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'Halt and Catch Fire' dives into '80s tech war with AMC flair

TelevisionColumnEntertainmentAMC (tv network)IBMLee PaceSundance Film Festival
First episode of AMC's 'Halt and Catch Fire' a provocative view of '80s tech war
AMC's 'Halt and Catch Fire' owes a debt to 'Butch Cassidy and the Sundance Kid,' says @marymacTV
'Halt and Catch Fire' furthers AMC's reputation for risk-taking

The adventures of three visionaries at a mid-level Texas computer company as they attempt to get a piece of the personal computer action during the 1980s does not sound like the stuff of great television.

But then neither did the story of a Madison Avenue ad man making his name shilling for Big Tobacco in the early 1960s. And though the pilot of "Halt and Catch Fire," AMC's latest character-driven drama premiering Sunday, doesn't hit the gloriously high bar set by the opening episode of "Mad Men," it is provocative and promising nonetheless.

With a title that refers to a computer term and an opening that speaks for itself — the lead character coolly runs down an armadillo — "Halt and Catch Fire" quickly establishes characters created by Christopher Cantwell and Christopher C. Rogers to both personify and transcend the particulars of its story.

The armadillo killer is Joe MacMillan (Lee Pace), a fast-talking alpha-male maverick late of IBM who understands that, conventional wisdom notwithstanding, the tech wars are not over. They're just beginning. Joe's new employer, however, isn't buying it. Cardiff Electric is a family business, slow moving and middle of the road; they need a new salesman to push product, not reinvent it.

But Joe didn't come to Texas for the waters, or the status quo. He came to enlist the aid of Gordon Clark (Scoot McNairy), a brilliant engineer who stalled out when his own version of a personal computer tanked. Currently, Gordon is just another tech grind, trying to stay sober and keep his family afloat while his wife (Kerry Bishe), who works as a programmer for a toy company, looks on in frustration and despair. Which quickly turns to anxiety when Joe persuades Gordon to reverse-engineer an IBM PC in order to develop their own.

Directed by Juan Jose Campanella, the pilot sets up a palette, tone and story that owes a debt to "The Social Network," but an even larger one to "Butch Cassidy and the Sundance Kid" — had the outlaws worked out of a garage and Sundance wore oversized glasses and high-waisted pants. Moments of hyper-realism (Gordon's beat-up car, the earth tones of the Clark kitchen) are studded with the archetypes and symbolic imagery of the western spaghetti and otherwise.

This being 2014, the Katharine Ross role has been expanded and is filled by Mackenzie Davis who plays Cameron, a super-cute, super-smart geek-girl prototype in camos and a pixie cut who helps Joe and Gordon take on the system. In this case IBM instead of the banks.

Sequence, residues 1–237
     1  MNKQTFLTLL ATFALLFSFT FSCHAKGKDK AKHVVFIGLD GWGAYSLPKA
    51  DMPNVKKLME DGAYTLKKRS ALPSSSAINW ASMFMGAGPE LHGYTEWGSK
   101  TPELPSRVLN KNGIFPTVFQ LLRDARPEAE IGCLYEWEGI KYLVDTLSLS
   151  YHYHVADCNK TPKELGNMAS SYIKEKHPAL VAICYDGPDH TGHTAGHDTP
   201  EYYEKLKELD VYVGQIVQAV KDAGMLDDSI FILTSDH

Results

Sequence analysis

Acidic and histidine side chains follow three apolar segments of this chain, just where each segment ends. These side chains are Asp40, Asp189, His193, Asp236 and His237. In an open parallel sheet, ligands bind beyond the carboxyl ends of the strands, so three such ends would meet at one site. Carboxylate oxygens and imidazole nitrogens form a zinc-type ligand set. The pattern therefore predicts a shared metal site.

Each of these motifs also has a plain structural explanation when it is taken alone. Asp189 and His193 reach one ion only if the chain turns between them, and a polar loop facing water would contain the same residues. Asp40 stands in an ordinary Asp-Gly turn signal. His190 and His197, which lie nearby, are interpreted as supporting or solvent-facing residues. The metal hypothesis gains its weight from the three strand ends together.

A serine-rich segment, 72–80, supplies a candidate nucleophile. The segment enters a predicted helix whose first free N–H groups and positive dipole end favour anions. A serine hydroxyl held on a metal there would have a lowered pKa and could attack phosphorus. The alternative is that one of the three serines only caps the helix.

By the end of the first hour, the audience has seesawed between "what have we done?" panic and "this could work" optimism just as frantically as the characters. AMC made only the first episode available, so it's tough to say where "Halt and Catch Fire" is going or how it will get there.

Pace, who proved himself a risk-taker in "Pushing Daises," is sure-footed and silver-tongued; McNairy is just the right blend of quenched spirit/whirring brain, and Davis, though playing a character that seems a bit modern for the time frame, certainly brings a glimpse of the future and some much needed sass. The '80s are fun, Texan tech magnates have potential and the sight of three misfits jousting with giants is always welcome.

If nothing else, the show furthers the AMC reputation for risk-taking. It's difficult to imagine a launch into original scripted drama more perfectly realized than the premiere of "Mad Men," followed a few months later by "Breaking Bad." Then, just as AMC seemed content with quality over huge audiences, "The Walking Dead" gave them both.

In between and since, there have been shows that did not produce big numbers or multiple Emmys: "Rubicon" and the miniseries "The Prisoner," "Low Winter Sun." The ill-fated "The Killing" struggled, "Hell on Wheels" and this year's "Turn" have not been canceled but neither have they caught fire.

But if any network can claim to produce shows based on originality and story over imitation and repetition, it's AMC. Zombies, code-breakers, broken cops, meth-making teachers, colonial soldiers — AMC will try anything once.

Including, now, a trio of 1980s tech stars.

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'Halt and Catch Fire'

Where: AMC

When: 10 p.m. Sunday

Rating: TV-14-LSV (may be unsuitable for children under the age of 14 with advisories for coarse language, sex and violence)

Copyright © 2014, Los Angeles Times
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TelevisionColumnEntertainmentAMC (tv network)IBMLee PaceSundance Film Festival
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